Jay Fleitman: Views of southern Africa
NORTHAMPTON — My wife and I just returned from a trip that had us visit four nations in southern Africa including Namibia, South Africa, Zimbabwe and Botswana. Despite having traveled elsewhere in Africa and in other non-Western countries, at some level before we left we feared that we would die of malaria, get mauled by lions, be arrested by some dictator’s thugs, or all of the above. These worries were absolute nonsense.
What we found instead was the remarkable physical beauty of these countries, and throughout this trip we met intelligent, industrious, and hospitable people. No different than us, they were living their lives in the context of their surroundings and circumstances, working for the betterment of their families with a keen awareness of their national politics and international events.
I would never presume to be an expert in southern Africa after only three weeks in these countries and some months of reading before this visit. That won’t stop me from making some observations.
The topic of conversation brought up over and over again by both black and white Africans in these countries and clearly close to the surface of their minds was that of the quality of their children’s education. They were very concerned that their public schools were not giving their children the tools they needed to succeed in a modern world.
Particularly in South Africa, we heard many complaints that their teachers’ union was strangling their school system, being more interested in protecting teachers’ jobs than caring for the children. We were repeatedly told by locals in these countries that they were deeply angered by government interference with how their families are raising their children.
We were surprised when a South African cab driver, who was a poor black living in a shantytown/slum known as a “township,” expressed his fury over his 6-year-old child’s indoctrination by her school to call the police if she were to observe any of a long list of behaviors by her parents, which included yelling or discipline.
South Africa and Zimbabwe made for stark political comparison. Both have histories of being prosperous during white minority postcolonial rule. South Africa was lucky to have had Nelson Mandela as it transitioned out of apartheid. After 27 years as a political prisoner, he emerged as his country’s leader urging his nation into a future that could only be successful if blacks and whites worked together.
There is no denying the deep respect for Mandela held by South Africans of all races. South Africa is the economic powerhouse in this region. Even though Mandela is passing from the scene, his influence has left South Africans with cautious optimism for the future of their country.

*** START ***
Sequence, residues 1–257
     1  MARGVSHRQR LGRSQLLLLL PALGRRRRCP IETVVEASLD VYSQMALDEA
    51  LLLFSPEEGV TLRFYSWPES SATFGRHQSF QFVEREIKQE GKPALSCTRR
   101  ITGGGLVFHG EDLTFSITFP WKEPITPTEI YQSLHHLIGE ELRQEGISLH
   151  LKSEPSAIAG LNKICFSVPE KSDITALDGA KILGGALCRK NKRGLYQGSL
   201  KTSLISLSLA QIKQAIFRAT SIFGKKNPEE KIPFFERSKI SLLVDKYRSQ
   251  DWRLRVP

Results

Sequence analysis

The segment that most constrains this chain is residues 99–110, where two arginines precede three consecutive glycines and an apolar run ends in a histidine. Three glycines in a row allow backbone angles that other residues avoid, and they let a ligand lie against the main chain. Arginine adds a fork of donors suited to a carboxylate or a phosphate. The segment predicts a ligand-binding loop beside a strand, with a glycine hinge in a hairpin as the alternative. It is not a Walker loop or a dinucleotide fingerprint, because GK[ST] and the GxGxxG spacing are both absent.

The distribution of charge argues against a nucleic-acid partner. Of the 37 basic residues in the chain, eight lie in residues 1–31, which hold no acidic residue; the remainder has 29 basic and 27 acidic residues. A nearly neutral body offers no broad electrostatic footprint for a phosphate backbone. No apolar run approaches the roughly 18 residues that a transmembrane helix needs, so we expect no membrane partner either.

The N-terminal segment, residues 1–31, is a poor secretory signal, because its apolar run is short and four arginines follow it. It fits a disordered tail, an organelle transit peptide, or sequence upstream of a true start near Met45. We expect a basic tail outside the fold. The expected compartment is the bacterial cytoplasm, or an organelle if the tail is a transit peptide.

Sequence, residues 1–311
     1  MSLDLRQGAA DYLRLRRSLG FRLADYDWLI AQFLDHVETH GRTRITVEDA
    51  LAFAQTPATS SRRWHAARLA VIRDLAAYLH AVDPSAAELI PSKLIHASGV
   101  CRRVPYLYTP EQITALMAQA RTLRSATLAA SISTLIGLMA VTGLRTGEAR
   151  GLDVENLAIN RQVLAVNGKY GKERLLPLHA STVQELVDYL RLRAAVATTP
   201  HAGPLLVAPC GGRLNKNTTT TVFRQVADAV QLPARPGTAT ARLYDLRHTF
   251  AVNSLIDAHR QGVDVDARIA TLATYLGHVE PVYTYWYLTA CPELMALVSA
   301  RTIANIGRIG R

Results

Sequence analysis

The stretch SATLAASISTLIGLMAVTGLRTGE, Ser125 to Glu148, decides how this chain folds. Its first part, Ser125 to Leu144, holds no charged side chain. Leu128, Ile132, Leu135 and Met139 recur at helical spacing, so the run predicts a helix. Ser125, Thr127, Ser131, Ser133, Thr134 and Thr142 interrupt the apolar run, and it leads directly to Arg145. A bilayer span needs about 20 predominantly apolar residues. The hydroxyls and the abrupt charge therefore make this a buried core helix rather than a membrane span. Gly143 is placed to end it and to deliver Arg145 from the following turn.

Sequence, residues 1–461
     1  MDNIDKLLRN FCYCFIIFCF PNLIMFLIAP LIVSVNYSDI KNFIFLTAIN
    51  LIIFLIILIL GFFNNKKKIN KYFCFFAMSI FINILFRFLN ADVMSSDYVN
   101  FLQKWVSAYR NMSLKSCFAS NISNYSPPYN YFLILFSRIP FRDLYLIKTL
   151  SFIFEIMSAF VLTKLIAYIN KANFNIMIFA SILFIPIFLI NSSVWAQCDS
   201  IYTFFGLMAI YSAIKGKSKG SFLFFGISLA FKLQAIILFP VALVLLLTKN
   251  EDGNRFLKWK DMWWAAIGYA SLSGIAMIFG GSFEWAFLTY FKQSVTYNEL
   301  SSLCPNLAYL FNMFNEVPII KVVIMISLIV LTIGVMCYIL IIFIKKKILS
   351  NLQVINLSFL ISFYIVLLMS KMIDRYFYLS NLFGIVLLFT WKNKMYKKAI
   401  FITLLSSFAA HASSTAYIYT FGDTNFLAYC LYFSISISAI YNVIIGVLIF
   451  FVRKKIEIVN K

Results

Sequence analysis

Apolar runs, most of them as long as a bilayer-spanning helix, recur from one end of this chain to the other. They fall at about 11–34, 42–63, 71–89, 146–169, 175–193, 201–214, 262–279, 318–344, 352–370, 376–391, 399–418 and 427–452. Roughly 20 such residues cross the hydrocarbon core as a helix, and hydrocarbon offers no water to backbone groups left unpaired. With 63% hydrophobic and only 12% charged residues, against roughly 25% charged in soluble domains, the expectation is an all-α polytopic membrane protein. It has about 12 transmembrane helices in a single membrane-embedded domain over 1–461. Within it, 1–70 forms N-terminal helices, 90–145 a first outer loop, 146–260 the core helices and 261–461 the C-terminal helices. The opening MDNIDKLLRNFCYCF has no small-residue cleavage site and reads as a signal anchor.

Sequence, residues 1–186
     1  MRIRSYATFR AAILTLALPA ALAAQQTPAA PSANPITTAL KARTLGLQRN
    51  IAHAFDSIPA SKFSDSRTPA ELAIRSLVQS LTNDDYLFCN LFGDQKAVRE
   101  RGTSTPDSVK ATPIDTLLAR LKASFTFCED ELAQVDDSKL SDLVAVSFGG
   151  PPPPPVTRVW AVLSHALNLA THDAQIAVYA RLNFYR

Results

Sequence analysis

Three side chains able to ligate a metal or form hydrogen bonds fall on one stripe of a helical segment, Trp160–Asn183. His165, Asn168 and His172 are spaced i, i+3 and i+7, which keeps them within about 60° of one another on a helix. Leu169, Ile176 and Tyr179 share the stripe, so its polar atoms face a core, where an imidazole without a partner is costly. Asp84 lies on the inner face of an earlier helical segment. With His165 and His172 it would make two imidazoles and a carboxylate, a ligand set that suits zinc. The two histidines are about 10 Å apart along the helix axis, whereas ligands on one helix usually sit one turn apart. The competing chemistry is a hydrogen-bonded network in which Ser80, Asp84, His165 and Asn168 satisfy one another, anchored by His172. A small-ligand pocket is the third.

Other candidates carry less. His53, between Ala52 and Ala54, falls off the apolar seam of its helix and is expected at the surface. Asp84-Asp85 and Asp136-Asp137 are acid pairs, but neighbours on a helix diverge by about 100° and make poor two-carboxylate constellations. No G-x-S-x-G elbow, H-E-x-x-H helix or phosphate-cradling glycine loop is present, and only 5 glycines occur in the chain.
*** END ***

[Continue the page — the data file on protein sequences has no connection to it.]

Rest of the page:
Zimbabwe is a different matter. In the transition out of white rule in Rhodesia, the reins of government were taken by Robert Mugabe, who is in essence a gangster. With Mugabe’s ascent to power, the property of whites was confiscated, political opponents were suppressed or killed, corruption became rampant and the country is an economic basket case. Zimbabwe does not have its own money, as hyperinflation killed its currency, and uses the American dollar or South African rand along with considerable bartering. We were often offered trade for our sneakers, hats, T-shirts and reading glasses. We met lovely people who are now hoping that their country is stabilizing, but Zimbabweans scramble in their economic lives.
The quality of political leadership is crucial. We should appreciate how simply lucky we were in the United States to have had principled and capable leadership in the early decades of our nation. It is not so far-fetched to consider that our history would have been very different if we had had a Robert Mugabe instead of George Washington.
There were those soon after the American Revolution who urged Washington to become king. Fortunately, Washington was dedicated to a new democratic model. Aaron Burr was near the levers of power early in our country’s history, but as demonstrated in his later life, his interest was to rule his own empire. It is sobering to consider that he could have possibly played the role of an American Napoleon bringing an early end to the American democratic experiment.
Does the United States have anything to offer the people of these nations? We are no more intelligent or industrious than they are. They are fully aware of world events, democratic principles and modern technology. They are just as concerned about the future of their families as we are of ours. Yes, they like our movies, and unfortunately seem to have a taste for our contemporary music, but this is of little importance.
They do not need or want our handouts. The Africans seem much better at protecting their wildlife and environment.
We still hold the torch. We remain the society seen as coming closest to the democratic ideals that value the freedom of the individual and the opportunity to succeed by one’s own efforts.
I’m not so sure this view of America still is true. With an ever enlarging government that reaches into increasing aspects of American life, a free press under assault by the government, with government agencies targeting political enemies, and with a government that has little hesitation in lying to its citizens, we may be only left with shreds of that ideal.
Jay Fleitman, M.D., lives in Northampton. His column appears the first Tuesday of the month. He can be reached at email@example.com.